It also will be interesting to see if the area surrounding Dillons redevelops as the new store increases traffic in the area. In particular, there is a vacant restaurant building — the old Bambino’s — right across the street from the store. At one point, work had begun to convert that into another Italian restaurant, but I’ve been told that project hit some unexpected difficulties and is no longer moving forward.
At one point, I had heard a movie rental business (do we still call them video stores?) had an interest in the location. But take that for what it is worth because I haven’t seen any signs of that develop. If you remember, Family Video seemed to do well next to the Dillons store. It moved to the Louisiana Purchase center at 23rd and Louisiana streets after On the Rocks liquor store took over the video store location.
Who knows, maybe a bank would work well there. If food and gas prices keep going up, it will be handy to have a place to get a loan.
• Another week and another week’s worth of property sales from the Douglas County Register of Deeds. Click here to see the list.
There were a couple of noteworthy listing this week. Hummer LC — an entity headed up by Lawrence businessman Greg Polk — has sold the old Just Food building at 1200 E. 11th Street to Kevin Chaney. It looks like Chaney has set up a property management business in the location, which is just northeast of 11th and Haskell.
On South Iowa Street, the building at 3220 Iowa St. that houses Mattress Firm has changed hands, going from a Mission Hills entity to one connected to Mattress Firm. In case you haven’t driven by recently, Mattress Firm is up and operational. The bedding retailer — which took over the building that formerly housed Golf USA and Mr. Goodcents — has hours of 10 a.m. to 8 p.m. Monday through Saturday and noon to 6 p.m. on Sundays.
• While we’re on the South Iowa Street corridor, here’s a business that opened earlier this year that slipped under the Town Talk radar. Wireless Restore has opened at 2201 W. 25th St. in the shopping center behind Office Depot.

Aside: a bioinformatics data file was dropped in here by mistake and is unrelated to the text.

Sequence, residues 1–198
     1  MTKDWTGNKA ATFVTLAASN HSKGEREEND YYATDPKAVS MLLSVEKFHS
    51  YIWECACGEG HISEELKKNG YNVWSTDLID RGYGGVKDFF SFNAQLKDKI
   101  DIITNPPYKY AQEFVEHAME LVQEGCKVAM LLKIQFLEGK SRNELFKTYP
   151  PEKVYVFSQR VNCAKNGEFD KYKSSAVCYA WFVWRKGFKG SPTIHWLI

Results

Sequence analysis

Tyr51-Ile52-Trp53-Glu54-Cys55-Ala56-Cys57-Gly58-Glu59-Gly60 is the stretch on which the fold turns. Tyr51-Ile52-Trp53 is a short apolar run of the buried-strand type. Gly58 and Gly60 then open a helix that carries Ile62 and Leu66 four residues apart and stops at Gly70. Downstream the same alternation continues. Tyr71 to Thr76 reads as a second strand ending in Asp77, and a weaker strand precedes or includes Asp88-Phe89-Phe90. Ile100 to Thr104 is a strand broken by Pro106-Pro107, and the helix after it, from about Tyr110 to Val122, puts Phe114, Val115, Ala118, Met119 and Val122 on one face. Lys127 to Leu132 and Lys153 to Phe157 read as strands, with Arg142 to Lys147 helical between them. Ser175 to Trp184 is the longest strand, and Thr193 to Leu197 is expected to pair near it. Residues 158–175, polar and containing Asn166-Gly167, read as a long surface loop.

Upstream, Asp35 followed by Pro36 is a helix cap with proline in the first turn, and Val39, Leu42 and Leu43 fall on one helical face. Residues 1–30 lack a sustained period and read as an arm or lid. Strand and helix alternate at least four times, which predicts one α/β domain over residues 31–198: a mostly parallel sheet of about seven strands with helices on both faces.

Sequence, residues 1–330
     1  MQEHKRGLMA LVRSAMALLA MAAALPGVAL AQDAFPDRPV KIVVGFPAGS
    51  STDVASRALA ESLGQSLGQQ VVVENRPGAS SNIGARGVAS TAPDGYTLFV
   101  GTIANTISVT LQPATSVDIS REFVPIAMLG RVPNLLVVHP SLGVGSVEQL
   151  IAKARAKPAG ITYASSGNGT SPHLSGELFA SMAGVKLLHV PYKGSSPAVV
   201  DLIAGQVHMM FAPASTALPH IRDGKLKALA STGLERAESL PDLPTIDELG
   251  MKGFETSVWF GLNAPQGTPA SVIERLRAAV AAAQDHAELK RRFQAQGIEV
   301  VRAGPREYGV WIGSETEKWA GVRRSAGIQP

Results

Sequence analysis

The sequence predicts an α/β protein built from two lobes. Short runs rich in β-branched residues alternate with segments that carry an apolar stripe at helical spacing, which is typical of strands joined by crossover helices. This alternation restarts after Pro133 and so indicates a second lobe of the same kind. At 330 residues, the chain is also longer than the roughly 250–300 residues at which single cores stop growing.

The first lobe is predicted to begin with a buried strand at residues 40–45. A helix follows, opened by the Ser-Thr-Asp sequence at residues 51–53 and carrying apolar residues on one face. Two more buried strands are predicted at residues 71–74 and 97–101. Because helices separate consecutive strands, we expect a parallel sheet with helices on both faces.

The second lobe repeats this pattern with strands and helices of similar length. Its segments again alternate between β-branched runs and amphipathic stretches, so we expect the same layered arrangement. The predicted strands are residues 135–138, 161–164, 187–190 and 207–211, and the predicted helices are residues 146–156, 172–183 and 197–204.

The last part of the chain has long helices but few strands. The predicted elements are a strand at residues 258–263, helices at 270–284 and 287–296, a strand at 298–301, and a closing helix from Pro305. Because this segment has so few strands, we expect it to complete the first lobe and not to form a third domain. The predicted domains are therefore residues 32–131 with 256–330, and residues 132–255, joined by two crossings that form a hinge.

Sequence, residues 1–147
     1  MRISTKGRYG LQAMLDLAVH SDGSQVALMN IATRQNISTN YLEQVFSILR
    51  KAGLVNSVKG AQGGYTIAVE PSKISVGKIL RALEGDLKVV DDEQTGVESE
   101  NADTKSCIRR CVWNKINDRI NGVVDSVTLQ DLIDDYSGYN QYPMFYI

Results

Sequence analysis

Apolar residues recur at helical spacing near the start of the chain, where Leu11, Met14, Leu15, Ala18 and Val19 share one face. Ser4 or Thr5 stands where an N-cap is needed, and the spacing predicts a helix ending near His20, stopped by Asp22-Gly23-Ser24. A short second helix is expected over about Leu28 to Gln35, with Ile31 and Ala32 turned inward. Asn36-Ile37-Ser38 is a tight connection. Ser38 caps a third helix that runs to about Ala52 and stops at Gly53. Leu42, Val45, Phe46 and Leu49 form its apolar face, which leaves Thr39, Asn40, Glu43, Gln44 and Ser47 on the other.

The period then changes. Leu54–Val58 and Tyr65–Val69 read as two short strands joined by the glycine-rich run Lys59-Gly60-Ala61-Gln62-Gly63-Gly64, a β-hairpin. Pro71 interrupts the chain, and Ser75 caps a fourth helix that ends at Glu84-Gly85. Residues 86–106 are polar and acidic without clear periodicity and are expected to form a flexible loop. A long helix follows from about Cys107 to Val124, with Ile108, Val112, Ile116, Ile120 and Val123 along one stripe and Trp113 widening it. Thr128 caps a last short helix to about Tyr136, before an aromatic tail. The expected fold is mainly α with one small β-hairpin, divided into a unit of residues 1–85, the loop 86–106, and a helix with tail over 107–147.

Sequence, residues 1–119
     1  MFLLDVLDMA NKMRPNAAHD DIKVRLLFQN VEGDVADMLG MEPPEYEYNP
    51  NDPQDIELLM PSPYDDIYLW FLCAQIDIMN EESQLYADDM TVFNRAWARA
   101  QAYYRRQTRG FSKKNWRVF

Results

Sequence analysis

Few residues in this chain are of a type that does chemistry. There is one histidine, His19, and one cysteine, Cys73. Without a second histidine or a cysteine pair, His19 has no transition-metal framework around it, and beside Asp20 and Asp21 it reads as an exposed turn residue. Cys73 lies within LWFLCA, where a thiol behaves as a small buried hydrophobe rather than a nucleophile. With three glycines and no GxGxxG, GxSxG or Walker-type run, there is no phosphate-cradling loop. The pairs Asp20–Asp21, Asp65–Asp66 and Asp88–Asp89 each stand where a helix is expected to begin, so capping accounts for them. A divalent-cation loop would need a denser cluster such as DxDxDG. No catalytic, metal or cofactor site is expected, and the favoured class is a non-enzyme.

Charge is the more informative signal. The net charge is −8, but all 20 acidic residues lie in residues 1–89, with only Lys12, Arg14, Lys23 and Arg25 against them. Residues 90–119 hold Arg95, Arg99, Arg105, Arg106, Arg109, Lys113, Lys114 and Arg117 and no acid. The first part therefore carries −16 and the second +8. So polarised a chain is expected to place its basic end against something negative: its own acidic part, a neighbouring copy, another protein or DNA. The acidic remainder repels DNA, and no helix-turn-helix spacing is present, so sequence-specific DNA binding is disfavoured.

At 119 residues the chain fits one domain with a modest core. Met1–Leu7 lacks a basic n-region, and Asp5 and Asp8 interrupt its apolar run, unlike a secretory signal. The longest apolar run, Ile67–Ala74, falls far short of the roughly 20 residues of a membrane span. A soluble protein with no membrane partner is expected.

In my house, my young kids understand how to operate the electronic equipment better than I do. (The Muppets app on my phone really isn’t for me. Honest.) But they also know how to break electronic items a lot better than I do. (My wife would debate that.) Anyway, Wireless Restore is betting my situation is not unique. The company specializes in repairing cell phones, tablets, gaming systems, hand-held devices and other such things that my kids will have to explain to me later.
The company also sells used cell phones and other devices. Wireless Restore CEO Kevin Hood said used cell phones have become a good seller, in part, because many people get committed to a contract but are looking for an affordable way to switch phones. He estimated most of his used phones sell for about 50 percent of their new price.
The location only has been open a few months, but Hood has been in the cell phone refurbishing business for about seven years. Hood said he was at one of those storage unit auctions, kind of like what you see on TV these days, and came across a unit that had the parts inventory of five cell phone stores inside. That got him started in the repair business, and he’s been going ever since.
And my wife says nothing good ever comes out of an auction. Just wait, I’ll make money off that $100 box of goodies I bought while scratching my nose yet.
• Town Talk will be absent for a couple of days. I’ll be clearing space in my garage for my next auction purchase.